Normally to install Windows on a Macbook Air through Boot Camp, you require an external SuperDrive. What a pain - I'm not prepared to pay for something I won't use for any other purpose. Of course I could (and have) installed Windows in a VM but it just isn't as speedy; sometimes I need good performance for my Windows apps.
The "normal" way to install apps on a Macbook Air is to use downloaded versions or Remote Disc. Neither will work for your Windows install. However after much experimentation I have come with a solution that will work.
Disclaimer: The solution I am proposing requires you to be both technically literate and careful. You could completely destroy your data if you are not careful so create full backups of everything before you begin. I'm not responsible for anything you do. Additionally, you shouldn't assume that I've done anything the "right" way - this process was created through trial and error, not an expert knowledge of the software or processes in question.
Here's what you need:
- A Macbook Air with plenty of free hard drive space.
- A full, legal copy of Windows Vista or Windows 7 (I haven't tried this with XP).
- Parallels Desktop (A trial version should be enough).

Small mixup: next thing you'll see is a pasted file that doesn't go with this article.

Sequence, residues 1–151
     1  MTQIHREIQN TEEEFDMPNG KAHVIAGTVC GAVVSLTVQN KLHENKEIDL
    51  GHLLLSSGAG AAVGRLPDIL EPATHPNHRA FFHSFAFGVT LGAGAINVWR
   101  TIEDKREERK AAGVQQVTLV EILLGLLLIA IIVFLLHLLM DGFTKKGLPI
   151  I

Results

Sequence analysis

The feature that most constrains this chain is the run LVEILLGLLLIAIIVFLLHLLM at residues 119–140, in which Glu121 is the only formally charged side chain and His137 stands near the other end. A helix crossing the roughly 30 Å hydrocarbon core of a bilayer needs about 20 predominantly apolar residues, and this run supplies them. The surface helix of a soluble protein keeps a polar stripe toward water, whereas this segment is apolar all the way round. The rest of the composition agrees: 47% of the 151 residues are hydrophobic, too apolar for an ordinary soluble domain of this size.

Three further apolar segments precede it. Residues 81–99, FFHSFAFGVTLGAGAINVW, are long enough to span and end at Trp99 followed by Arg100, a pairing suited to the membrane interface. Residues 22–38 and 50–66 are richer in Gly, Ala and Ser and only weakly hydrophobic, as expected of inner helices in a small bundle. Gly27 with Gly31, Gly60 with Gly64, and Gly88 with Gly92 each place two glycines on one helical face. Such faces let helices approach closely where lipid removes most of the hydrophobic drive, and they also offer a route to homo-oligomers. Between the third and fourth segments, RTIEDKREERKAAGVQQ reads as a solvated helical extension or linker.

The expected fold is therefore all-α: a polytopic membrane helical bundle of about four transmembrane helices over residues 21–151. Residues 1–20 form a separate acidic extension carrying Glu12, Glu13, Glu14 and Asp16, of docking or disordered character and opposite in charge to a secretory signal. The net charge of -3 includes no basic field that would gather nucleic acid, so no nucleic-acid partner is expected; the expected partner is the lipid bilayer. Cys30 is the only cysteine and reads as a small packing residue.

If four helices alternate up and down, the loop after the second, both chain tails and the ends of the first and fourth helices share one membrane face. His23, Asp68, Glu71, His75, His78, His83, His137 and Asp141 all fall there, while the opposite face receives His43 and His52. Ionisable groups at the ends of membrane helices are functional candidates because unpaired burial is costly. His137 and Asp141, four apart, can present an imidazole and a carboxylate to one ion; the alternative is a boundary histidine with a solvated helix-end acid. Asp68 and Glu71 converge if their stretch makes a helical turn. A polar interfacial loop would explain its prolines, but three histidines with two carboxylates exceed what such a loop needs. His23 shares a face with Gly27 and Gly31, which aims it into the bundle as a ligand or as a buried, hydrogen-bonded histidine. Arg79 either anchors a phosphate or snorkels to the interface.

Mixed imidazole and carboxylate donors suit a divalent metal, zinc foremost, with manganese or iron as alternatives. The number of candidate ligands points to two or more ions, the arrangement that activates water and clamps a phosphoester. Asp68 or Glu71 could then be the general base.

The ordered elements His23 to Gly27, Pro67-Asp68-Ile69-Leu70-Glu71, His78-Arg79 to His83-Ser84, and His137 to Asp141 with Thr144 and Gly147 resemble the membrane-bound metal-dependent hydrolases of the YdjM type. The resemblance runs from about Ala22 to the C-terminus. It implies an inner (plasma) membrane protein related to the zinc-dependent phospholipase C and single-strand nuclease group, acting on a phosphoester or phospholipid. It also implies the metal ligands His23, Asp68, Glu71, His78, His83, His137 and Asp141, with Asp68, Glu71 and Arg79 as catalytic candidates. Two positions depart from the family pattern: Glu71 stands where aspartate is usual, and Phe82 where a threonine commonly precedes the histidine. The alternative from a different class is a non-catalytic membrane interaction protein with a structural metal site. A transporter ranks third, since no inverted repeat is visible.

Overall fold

- A USB drive of any size.
- Another computer with a DVD drive and Remote Disc software.
- Your Macbook Air OS X install disc.
If you don't have it already, you should download and install Parallels now. If you already have Parallels, be sure to get the latest Parallels updates. Earlier releases don't work with Windows 7, for example.
Now we need to get our Windows installation files onto the Mac. Use another computer to create an ISO disc image of your Windows DVD (unless your Windows is an ISO already). I like ImgBurn (a Windows app) for these purposes. Copy the ISO to your Mac in your favourite way (network, usb drive etc).
Now it's time to launch the Boot Camp Assistant. Follow the process as normal, right up to the point where it's time to start the Windows installation.
Hint: Check now that your Boot Camp partition has not decided to mount itself, otherwise Parallels sometimes gets upset. You can unmount it from Disk Utility if needed.